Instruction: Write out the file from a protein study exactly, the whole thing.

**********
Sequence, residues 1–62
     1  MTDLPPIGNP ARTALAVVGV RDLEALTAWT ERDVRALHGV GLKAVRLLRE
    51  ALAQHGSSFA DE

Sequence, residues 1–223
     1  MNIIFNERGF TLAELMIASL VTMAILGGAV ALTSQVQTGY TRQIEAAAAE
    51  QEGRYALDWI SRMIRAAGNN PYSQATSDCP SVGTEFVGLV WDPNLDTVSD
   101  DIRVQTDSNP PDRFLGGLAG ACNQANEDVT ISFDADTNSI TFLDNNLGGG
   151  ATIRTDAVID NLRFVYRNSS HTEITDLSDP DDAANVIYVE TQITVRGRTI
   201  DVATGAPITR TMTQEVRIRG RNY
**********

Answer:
Sequence, residues 1–62
     1  MTDLPPIGNP ARTALAVVGV RDLEALTAWT ERDVRALHGV GLKAVRLLRE
    51  ALAQHGSSFA DE

Sequence, residues 1–223
     1  MNIIFNERGF TLAELMIASL VTMAILGGAV ALTSQVQTGY TRQIEAAAAE
    51  QEGRYALDWI SRMIRAAGNN PYSQATSDCP SVGTEFVGLV WDPNLDTVSD
   101  DIRVQTDSNP PDRFLGGLAG ACNQANEDVT ISFDADTNSI TFLDNNLGGG
   151  ATIRTDAVID NLRFVYRNSS HTEITDLSDP DDAANVIYVE TQITVRGRTI
   201  DVATGAPITR TMTQEVRIRG RNY